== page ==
Delonix regia

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Delonix regia
Royal Poinciana.jpg
Tree in full bloom (Florida Keys)
Scientific classification edit
Kingdom: Plantae
Clade: Tracheophytes
Clade: Angiosperms
Clade: Eudicots
Clade: Rosids
Order: Fabales
Family: Fabaceae
Genus: Delonix
Species:
D. regia
Binomial name
Delonix regia
Synonyms
  • Delonix regia var. flavida Stehle
  • Delonix regia var. genuina Stehle
  • Delonix regia var. genuina Stehlé
  • Poinciana regia Hook.
  • Poinciana regia Bojer [1]

Delonix regia is a species of flowering plant in the bean family Fabaceae, subfamily Caesalpinioideae native to Madagascar. It is noted for its fern-like leaves and flamboyant display of orange-red flowers over summer. In many tropical parts of the world it is grown as an ornamental tree and in English it is given the name royal poinciana, flamboyant, flame of the forest, or flame tree (one of several species given this name).

This species was previously placed in the genus Poinciana, named for Phillippe de Longvilliers de Poincy, the 17th century governor of Saint Christopher (Saint Kitts). It is a non-nodulating legume.

Description[edit]

Frontal, lateral and backside view of a flower
Gulmahor tree (Delonix regia) with flowers, Haridwar, India.
Flower, leaves & pods (Kolkata, West Bengal, India)
Delonix regia var. flavida is a rarer, yellow-flowered variety.[2]
Close-up of part of a leaf

The flowers of Delonix regia are large, with four spreading scarlet or orange-red petals up to 8 cm long, and a fifth upright petal called the standard, which is slightly larger and spotted with yellow and white. They appear in corymbs along and at the ends of branches. The naturally occurring variety flavida (Bengali: Radhachura) has yellow flowers.[2] The pods are green and flaccid when young and turn dark-brown and woody. They can be up to 60 cm long and 5 cm wide. The seeds are small, weighing around 0.4 g on average. The compound (doubly pinnate) leaves have a feathery appearance and are a characteristic light, bright green. Each leaf is 30–50 cm long with 20 to 40 pairs of primary leaflets or pinnae, each divided into 10–20 pairs of secondary leaflets or pinnules. Pollen grains are elongated, approximately 52 microns in size.

Pollen grains of Delonix regia

Distribution[edit]

Flower (Kibbutz Ginnosar, Israel)
Flowering tree (Island of Mauritius)
Close up of bark
Seed pods visible on upper branches (Gordonvale, Queensland, Australia)

Delonix regia is endemic to the Madagascar's dry deciduous forests, but has been introduced into tropical and sub-tropical regions worldwide. In the wild it is endangered, but it is widely cultivated elsewhere and is regarded as naturalised in many of the locations where it is grown:

North America[edit]

In the continental United States, it grows in South Florida, Central Florida,[3] and in the Rio Grande Valley of South Texas.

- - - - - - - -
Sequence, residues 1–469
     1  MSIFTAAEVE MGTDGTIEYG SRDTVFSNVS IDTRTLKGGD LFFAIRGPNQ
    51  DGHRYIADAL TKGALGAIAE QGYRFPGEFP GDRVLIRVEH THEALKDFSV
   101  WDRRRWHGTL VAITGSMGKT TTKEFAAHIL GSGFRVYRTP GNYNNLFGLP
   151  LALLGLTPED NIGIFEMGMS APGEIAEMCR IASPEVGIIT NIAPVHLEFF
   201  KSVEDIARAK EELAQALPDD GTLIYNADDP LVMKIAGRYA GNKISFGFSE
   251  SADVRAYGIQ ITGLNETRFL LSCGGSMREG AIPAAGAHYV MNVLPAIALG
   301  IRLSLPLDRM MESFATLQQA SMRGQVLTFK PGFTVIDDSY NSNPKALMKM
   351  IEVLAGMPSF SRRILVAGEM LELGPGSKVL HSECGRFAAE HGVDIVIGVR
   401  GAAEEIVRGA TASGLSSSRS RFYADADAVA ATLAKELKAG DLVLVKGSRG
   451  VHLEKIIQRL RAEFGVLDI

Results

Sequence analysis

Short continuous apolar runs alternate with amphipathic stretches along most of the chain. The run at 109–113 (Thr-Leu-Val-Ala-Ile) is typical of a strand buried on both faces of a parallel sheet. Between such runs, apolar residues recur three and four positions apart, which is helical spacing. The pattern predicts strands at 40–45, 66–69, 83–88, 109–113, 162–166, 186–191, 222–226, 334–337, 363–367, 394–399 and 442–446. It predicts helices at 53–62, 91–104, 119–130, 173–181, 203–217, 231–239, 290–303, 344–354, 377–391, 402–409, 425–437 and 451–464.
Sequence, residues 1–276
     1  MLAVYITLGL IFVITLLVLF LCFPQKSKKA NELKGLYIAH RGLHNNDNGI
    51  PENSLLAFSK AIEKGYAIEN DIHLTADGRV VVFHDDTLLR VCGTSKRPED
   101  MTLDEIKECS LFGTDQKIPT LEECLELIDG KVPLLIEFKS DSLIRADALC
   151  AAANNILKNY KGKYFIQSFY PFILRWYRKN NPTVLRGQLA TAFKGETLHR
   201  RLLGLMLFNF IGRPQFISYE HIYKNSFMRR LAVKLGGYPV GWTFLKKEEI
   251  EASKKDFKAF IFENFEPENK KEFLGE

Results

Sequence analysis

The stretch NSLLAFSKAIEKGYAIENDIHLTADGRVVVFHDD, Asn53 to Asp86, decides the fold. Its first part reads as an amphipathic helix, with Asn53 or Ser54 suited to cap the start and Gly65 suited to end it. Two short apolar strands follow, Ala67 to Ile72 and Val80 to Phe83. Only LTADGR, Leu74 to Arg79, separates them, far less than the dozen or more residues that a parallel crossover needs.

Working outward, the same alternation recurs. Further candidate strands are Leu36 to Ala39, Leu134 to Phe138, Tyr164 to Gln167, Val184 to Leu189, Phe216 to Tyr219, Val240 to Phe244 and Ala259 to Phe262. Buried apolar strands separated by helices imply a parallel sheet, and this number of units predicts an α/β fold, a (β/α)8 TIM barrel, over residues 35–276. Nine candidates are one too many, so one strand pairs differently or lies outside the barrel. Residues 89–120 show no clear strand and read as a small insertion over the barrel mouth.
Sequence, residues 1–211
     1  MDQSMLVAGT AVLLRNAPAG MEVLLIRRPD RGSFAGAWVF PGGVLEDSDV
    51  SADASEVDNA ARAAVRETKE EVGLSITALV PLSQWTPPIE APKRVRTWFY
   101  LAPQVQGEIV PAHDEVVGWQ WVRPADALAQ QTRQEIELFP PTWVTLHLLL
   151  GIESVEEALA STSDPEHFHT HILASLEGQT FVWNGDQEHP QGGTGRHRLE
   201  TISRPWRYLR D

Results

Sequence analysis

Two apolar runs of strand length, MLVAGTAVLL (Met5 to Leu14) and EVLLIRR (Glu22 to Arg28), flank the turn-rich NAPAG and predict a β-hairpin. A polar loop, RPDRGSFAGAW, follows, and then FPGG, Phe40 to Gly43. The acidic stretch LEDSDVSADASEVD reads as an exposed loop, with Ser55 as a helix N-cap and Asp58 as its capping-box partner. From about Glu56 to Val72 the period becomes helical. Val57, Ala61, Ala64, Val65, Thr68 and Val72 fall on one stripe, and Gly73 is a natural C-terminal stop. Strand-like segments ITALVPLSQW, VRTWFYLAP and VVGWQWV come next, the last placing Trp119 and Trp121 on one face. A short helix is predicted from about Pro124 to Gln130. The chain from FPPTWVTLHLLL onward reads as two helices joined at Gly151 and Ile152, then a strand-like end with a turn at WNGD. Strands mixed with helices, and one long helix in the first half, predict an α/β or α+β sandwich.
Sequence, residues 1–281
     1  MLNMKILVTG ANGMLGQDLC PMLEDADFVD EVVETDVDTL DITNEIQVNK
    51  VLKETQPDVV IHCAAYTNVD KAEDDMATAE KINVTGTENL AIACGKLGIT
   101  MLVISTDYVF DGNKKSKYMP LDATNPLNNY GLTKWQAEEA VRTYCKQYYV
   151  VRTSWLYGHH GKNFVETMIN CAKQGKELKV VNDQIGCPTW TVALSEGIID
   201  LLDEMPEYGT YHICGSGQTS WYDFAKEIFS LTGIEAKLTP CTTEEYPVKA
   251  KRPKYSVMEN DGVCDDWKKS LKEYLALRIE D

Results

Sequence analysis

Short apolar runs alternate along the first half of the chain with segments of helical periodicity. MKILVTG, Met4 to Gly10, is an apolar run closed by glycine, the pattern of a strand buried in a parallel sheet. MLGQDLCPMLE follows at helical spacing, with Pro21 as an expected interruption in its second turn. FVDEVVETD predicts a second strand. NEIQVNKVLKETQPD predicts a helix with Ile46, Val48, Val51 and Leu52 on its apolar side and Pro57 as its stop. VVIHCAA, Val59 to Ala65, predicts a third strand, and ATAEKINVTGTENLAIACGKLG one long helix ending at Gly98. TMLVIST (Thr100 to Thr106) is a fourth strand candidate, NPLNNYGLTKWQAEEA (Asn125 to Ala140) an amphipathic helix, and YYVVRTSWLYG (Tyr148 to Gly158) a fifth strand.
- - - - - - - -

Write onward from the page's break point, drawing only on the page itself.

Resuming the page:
Caribbean and Central America[edit]

In the Caribbean it is featured in many Dominican and Puerto Rican paintings. It can also be found in Belize, The Bahamas, Cuba, Haiti, Nicaragua, U.S. Virgin Islands, Cayman Islands, Jamaica and Curaçao. It is the national flower of St. Kitts and Nevis. It can also be found in Bermuda, Hawaii and Mexico, especially in the Yucatan peninsula. The town of Peñuelas, Puerto Rico, located about 12 miles or 19 kilometers west of Ponce, is nicknamed "El Valle de los Flamboyanes" ("The Valley of the Poinciana Trees"), as many flamboyant trees are found along the surrounding Río Guayanes, Río Macana, and Río Tallaboa rivers.

South America[edit]

It grows in Paraguay, Peru and throughout the whole of Brazil.[4][5]

Europe and the Middle East[edit]

Delonix regia is planted in Mediterranean parts of Europe, the Middle east and North Africa, including the southern coast of Spain, the Valencian coast, the Canary Islands, Lebanon, Egypt, Israel and Jordan.

South Asia[edit]

A bonnet macaque eating flowers

The tree is planted in India, where it is referred to as the May-flower tree, Gulmohar or Gul Mohr[6] in West Bengal, Odisha, Bangalore and Sri Lanka. It is also grown in Karachi, Pakistan. In Mauritius and La Réunion it announces the coming of the new year.

Southeast Asia[edit]

In Myanmar, where it is called Sein-pann-ni, the time of flowering is March in the south and early to late April in the north. It is planted in gardens and as a roadside tree. In Myanmar, this tree is a sign of Thingyan Festival (Apr 13 - 16/17). In the Philippines, its flowering signals the imminent arrival of the monsoon rains. It also grows in Thailand and Indonesia and is the official tree in Vietnam. In that country, this tree is called "Phượng vỹ", or phoenix's tail, and is a popular urban tree in much of Vietnam. Its flowering season is May–July, which coincides with the end of the school year in Vietnam. Because of this timing, the flower of poinciana is sometimes called the "pupil's flower". The tree is also commonly found on school grounds in Vietnam, however after several trees fell down, with one student killed, schools started cutting down or severely pruning the trees.[7] Hải Phòng city is nicknamed "Thành phố hoa phượng đỏ" ("City of red poinciana").

East Asia[edit]

It grows in Southern China and Hong Kong. It is the official tree in Tainan, Taiwan; Xiamen, Fujian Province, People's Republic of China (PRC); and Shantou, Canton Province, (PRC). National Cheng Kung University, a university located in Tainan, put royal poinciana on its emblem.